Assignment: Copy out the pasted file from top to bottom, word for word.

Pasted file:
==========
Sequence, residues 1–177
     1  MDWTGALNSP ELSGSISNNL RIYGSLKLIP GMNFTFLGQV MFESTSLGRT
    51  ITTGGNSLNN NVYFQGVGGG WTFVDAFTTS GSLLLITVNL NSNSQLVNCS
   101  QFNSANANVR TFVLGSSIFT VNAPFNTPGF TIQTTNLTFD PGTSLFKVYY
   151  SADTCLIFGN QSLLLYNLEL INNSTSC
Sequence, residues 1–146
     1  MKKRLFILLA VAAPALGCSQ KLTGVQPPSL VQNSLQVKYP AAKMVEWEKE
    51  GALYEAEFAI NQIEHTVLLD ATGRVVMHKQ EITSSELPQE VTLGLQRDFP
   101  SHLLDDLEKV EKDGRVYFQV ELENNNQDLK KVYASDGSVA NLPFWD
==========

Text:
Sequence, residues 1–177
     1  MDWTGALNSP ELSGSISNNL RIYGSLKLIP GMNFTFLGQV MFESTSLGRT
    51  ITTGGNSLNN NVYFQGVGGG WTFVDAFTTS GSLLLITVNL NSNSQLVNCS
   101  QFNSANANVR TFVLGSSIFT VNAPFNTPGF TIQTTNLTFD PGTSLFKVYY
   151  SADTCLIFGN QSLLLYNLEL INNSTSC
Sequence, residues 1–146
     1  MKKRLFILLA VAAPALGCSQ KLTGVQPPSL VQNSLQVKYP AAKMVEWEKE
    51  GALYEAEFAI NQIEHTVLLD ATGRVVMHKQ EITSSELPQE VTLGLQRDFP
   101  SHLLDDLEKV EKDGRVYFQV ELENNNQDLK KVYASDGSVA NLPFWD